The Robertson Lab Members
Sohini Ghoshroy, Post-doc
My research concerns the evolution of the gene glutamine synthetase in basal lineages of red algae. I am also interested in the evolution of this gene in select green alga and cryptophytes. Oxygenic photosynthesis is distributed among four of the five supergroups in the eukaryote tree of life. Oxygenic photosynthesis evolved within the cyanobacterial lineage and was gained by eukaryotes via primary and secondary endosymbiotic events. A number of primary and secondary endosymbiotic associations resulted in an enormous amount of genetic diversity on which natural selection could act and numerous gene duplications, replacements and losses followed the endosymbiotic events as the symbiont genomes became integrated into the genetic architecture of the host cell. Thus, the metabolic pathways that we observe today can be chimeras involving proteins encoded by genes derived from either host or endosymbiotic genomes.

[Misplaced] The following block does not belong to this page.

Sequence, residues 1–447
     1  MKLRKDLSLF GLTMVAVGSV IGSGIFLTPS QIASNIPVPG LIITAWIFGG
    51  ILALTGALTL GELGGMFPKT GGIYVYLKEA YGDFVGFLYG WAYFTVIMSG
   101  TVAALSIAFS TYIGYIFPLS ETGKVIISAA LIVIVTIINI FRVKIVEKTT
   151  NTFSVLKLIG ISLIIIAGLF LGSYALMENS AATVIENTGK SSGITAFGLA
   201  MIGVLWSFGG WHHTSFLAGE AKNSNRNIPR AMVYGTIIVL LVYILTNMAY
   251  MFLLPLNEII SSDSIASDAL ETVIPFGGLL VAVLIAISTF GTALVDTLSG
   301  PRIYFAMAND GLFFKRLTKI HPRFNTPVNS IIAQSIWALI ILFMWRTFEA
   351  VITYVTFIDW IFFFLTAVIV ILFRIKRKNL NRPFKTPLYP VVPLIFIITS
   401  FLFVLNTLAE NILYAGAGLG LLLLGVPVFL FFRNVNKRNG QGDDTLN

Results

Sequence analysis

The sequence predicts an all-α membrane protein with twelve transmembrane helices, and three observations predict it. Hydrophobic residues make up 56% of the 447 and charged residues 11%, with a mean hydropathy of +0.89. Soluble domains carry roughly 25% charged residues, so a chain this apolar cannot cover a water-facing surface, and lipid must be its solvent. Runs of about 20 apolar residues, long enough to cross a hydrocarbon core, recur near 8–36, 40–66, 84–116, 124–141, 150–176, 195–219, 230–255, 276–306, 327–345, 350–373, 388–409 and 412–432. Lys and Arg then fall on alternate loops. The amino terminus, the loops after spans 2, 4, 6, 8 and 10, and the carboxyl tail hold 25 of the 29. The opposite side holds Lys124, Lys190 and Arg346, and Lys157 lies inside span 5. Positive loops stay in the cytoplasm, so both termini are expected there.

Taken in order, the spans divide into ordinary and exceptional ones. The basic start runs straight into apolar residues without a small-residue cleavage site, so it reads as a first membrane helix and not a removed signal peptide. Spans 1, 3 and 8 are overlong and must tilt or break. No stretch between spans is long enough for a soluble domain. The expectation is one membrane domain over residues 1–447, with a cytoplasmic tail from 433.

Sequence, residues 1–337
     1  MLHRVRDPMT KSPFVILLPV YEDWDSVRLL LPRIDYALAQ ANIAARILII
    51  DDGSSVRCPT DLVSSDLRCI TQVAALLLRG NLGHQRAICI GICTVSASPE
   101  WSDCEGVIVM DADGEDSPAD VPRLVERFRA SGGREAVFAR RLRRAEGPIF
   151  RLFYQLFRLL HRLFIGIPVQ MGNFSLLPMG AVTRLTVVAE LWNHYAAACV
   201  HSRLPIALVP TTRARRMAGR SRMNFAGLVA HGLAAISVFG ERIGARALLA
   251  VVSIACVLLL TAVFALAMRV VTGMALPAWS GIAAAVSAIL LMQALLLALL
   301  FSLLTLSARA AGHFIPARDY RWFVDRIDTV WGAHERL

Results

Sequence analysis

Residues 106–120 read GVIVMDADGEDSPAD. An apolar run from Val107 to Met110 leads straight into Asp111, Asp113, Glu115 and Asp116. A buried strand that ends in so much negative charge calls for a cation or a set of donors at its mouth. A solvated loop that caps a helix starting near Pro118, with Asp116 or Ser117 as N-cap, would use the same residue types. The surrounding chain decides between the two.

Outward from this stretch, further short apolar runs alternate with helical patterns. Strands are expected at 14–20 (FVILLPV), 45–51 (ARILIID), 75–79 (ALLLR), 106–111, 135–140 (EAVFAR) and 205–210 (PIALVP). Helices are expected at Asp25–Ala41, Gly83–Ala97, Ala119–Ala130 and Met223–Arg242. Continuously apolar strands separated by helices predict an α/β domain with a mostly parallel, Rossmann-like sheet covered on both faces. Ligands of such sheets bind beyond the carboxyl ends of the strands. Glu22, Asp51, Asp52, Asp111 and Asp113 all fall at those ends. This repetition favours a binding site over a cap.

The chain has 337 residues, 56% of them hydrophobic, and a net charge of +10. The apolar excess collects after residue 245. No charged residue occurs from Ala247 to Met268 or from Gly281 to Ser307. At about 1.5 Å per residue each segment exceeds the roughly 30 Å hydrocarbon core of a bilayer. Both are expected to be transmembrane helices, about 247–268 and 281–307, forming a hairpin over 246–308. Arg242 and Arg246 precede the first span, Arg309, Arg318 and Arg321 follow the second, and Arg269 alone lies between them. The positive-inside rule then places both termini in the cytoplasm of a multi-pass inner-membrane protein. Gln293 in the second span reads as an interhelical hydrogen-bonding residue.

Glutamine synthetase (GS) is an essential enzyme involved in nitrogen assimilation and there are three gene families (GSI, GSII, and GSIII). In many photosynthetic eukaryotes, GS isoenzymes are compartmentalized in the chloroplast and the cytosol. These isoenzymes can be members of the same family (e.g. the isoenzymes of vascular plants are members of the GSII family) or from different families (e.g. the isoenzymes of diatoms are members of the GSII and GSIII families). The GS families appear to be robust molecular markers and may be useful in unraveling the endosymbiotic histories and phylogenetic relationships among diverse lineages of organisms.